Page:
Every failure in the Israeli War of Independence has the potential to be viewed as a great blot on the myth of Israeli invincibility. The failure at Latrun was the subject of exaggeration and recriminations. The myth grew up that the failure was due to the cynical and unfeeling use of immigrant troops. Then opposition MK Uzi Landau supposedly once claimed that 2,000 soldiers had died at Latrun.
The failures associated with the battles of Latrun were reminiscent of Union army foul-ups early in the US civil war, rather than of coordinated attacks planned by a modern army. Poor intelligence led to failure to assess enemy strength correctly, or even, according to Yitzhak Levy, failure to recognize that the Haganah was going to face the Jordan Legion. The strategic planning of the first battle was therefore totally inappropriate. Communications, logistics and organizational failures plagues the rest of that battle, as well as others. A battalion failed to arrive, or arrived late, or arrived without weapons, forcing postponements of more than 24 hours, which may have been critical and certainly contributed to the failure. Such armor as there was not used effectively. The attack of May 30 had also been postponed by a day. In the third attack, a fortuitous wrong turning led to the capture of Jordanian headquarters, but the Israelis didn't have the flexibility to exploit the opportunity. No reinforcements came, and the position was lost.
The battles were lost because of
Shlomo Shamir summed it up, by saying:
Israel sent some of its best soldiers to Latrun, men who had proven themselves in battle before and after many times - men like Eliahu Arbel, Shlomo Shamir, Ariel Sharon. These were not untrained new immigrants as the myth would have us believe. They failed because apparently it was not doable. The general staff had all been opposed to these efforts and the events proved them right, so it is not a failure of the general staff.
While some of the tactical problems were also evident in the performance of the Egyptian army of 1948, as shown in the complaints of Col Nasser, and were also typical of the disorganization in the Israeli army after the surprise attack in October 1973, they were much less likely to occur in the Jordan Legion or any other efficiently run army, and probably should not have been so prevalent in a well planned operation.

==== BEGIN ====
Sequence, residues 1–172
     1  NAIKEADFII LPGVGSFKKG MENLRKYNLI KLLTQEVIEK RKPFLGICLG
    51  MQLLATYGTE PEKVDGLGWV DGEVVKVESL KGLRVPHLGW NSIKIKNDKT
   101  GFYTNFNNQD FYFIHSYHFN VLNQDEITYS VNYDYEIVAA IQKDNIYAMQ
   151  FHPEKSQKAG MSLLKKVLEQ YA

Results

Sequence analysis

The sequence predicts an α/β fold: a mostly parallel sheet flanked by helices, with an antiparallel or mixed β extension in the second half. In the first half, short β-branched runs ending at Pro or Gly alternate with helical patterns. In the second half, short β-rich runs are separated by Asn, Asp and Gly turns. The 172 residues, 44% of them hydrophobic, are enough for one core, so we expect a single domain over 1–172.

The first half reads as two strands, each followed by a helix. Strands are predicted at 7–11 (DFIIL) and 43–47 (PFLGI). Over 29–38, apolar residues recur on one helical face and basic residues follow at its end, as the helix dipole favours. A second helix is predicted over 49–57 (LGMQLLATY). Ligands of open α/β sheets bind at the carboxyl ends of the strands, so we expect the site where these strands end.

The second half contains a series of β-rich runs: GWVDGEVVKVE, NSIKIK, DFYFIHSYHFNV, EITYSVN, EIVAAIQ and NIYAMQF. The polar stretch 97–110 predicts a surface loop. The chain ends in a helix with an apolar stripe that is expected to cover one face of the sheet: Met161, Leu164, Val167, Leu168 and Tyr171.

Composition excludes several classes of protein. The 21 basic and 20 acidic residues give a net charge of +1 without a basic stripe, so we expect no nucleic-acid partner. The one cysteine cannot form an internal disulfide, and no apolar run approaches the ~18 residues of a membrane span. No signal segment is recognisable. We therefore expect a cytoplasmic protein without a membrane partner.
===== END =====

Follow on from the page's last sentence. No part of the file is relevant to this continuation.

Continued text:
A bigger issue is the strategic question, "Why were the battles fought?" They were a classic example of civilians overruling the military in a disastrous way. Ben-Gurion was probably right about the need to protect Jerusalem, but that was not the way to do it. Jerusalem was saved for Israel, but it was done in a different way, by building a circuitous bypass road, called the "Burma Road," which got around Latrun.
Historiography and Myth Making
It is very likely from the above that the story of the numerous immigrants sent to their deaths by a Bolshevist leadership is a myth. True, the battles of Latrun were costly and avoidable mistakes. However there are many avoidable mistakes in every war, so they are perhaps unavoidable. It is also true that Shlomo Shamir, whose history is the real basis for reexamining the first battle of Latrun, is necessarily biased, since he was defending his own record as commander of the Seventh Brigade. His view of history is also not one to inspire confidence that he has tried to be accurate:
Moreover, the notion advanced by Pappe that there was an ideological basis for sending new immigrants into battle is not groundless, since Shamir said:
Was it necessity or ideology? He is ambiguous, probably reflecting his own doubts. Nonetheless, Shamir's account fits with other accounts of veterans. There is no way of knowing how much these accounts influenced each other. It is certain however, that the new immigrants were not the majority of the soldiers, and were not responsible for the main attack or its failure and did not suffer the huge number of casualties created by the myth. Nobody disputes those facts. Faced with this evidence, Ilan Pappe said:
Inequality of Forces and Israeli Performance in the War
A detailed examination of this battle and some others sheds light on a larger question - which side had absolute superiority in numbers and equipment in the War of Independence. Israeli revisionist historians have claimed that Israel had superiority in objective resources - both men and equipment. By the end of the war, when Israel had about 100,000 men under arms, and had successfully imported arms from Czechoslovakia and other clandestine suppliers, this was certainly true. However, prior to independence, the Haganah and Palmach together numbered about 25,000 soldiers, many of them without equipment. In February of 1948, the Alexandroni Brigade had slightly less than 550 rifles and Sten guns for all their soldiers. Supplies had improved by May 1948, but even as late as the battle of Latrun, the Alexandroni brigade stripped the soldiers of the 32nd battalion of their rifles before detaching them to the 7th brigade, because there simply weren't enough rifles for each soldier.